Have you been wondering what is a documented vessel? Are you unsure about whether or not it’s the right idea to document yours? These are understandable questions. Everything that you have to do to get ready for purchasing a boat (the research, the money, etc.) doesn’t exactly prepare you for the documentation part of it. That, however, is where we can help. Here at the Maritime Documentation Center, we’ve been helping vessel owners with these questions and more for a long time.
So, What is a Documented Vessel, Anyway?
A documented vessel is one that’s received its Certificate of Documentation. Among the very oldest functions of the United States Government, vessel documentation was secured in the 11th act of the very First Congress. To lay it out, a documented vessel is one that is legally allowed to have unhindered commerce between the states and even can access (and make money) off of coastwise trade and fisheries. This documentation will serve as conclusive evidence of nationality, should you take the vessel into foreign waters. Additionally, you’ll find it easier to secure a preferred mortgage with this documentation, too.
How Do I Know if My Vessel Can Be Documented?
Answering a question with another question isn’t always warranted, but this is one of those moments. Ask yourself: “is the vessel at least five net tons in volume and is it owned by a United States citizen?” If the answer to this is “yes,” then it can be documented. However, and it’s important to note this, it doesn’t have to be documented, it just can be. If you plan on using your vessel to make money, to transport people and/or goods, then you’ll probably need to get it documented. As with just about any law, there are specific exceptions.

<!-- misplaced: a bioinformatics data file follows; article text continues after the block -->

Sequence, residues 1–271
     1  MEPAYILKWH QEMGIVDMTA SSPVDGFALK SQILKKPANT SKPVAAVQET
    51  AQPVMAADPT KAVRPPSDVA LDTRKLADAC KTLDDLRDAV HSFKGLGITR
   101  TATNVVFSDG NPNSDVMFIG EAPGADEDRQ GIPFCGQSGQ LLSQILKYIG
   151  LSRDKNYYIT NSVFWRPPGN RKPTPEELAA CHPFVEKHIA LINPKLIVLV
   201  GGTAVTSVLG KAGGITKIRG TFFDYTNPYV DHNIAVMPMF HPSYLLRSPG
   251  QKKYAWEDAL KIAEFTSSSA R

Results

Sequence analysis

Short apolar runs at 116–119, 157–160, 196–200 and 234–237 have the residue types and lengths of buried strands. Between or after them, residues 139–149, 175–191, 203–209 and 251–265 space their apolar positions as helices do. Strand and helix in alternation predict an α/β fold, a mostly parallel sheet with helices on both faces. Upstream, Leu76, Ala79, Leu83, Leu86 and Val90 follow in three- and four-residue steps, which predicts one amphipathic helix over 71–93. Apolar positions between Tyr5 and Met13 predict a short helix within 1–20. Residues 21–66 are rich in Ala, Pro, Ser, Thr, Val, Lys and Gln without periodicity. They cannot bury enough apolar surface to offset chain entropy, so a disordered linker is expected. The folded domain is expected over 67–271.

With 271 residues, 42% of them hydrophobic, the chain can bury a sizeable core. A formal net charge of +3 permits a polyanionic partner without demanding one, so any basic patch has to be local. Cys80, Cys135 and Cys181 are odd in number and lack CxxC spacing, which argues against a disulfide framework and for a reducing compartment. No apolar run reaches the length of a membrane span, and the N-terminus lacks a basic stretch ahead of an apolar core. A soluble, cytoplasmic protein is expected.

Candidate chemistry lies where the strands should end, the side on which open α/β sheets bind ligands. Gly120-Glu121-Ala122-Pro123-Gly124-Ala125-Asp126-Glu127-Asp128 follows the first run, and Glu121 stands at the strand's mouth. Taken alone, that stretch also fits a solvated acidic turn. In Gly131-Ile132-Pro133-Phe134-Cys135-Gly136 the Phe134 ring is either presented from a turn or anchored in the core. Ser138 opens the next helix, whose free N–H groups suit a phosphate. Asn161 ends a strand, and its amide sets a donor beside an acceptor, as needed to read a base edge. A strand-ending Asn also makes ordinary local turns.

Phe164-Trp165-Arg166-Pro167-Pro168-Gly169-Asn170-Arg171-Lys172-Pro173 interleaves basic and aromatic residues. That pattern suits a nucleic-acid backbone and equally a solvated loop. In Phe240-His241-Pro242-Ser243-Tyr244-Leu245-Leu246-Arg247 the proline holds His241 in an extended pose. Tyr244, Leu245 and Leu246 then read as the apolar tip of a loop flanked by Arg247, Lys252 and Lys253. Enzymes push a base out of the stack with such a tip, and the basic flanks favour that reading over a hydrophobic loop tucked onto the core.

What Does “Five Net Tons” Mean?
For one thing, it does not mean “your vessel weighs five tons.” The word “net” means that this requirement is discussing “volume” and not “weight.” So, it would be “five net tons” in the parts of the ship that carry merchandise, people, etc. Now, if that seems a bit overly confusing and complex, it doesn’t have to be. Ask yourself: “is the vessel more than twenty feet long?” If so, given vessel design, then it’s almost assuredly five net tons. Going by that “eye test” is easier than getting your vessel’s net tons measured for most vessel owners.
A Place to Document Your Vessel and More
Hopefully, that answered some of the questions that you might have about vessel documentation. However, if you still have some, we’re more than happy to answer them. See, here at the Maritime Documentation Center, we have an expertly trained staff. They’ve been helping vessel owners like you for a very long time. We can answer any questions that you might have or, if you’d like, we can even be on the phone with you as you fill out these forms. For more: (800) 535-8570.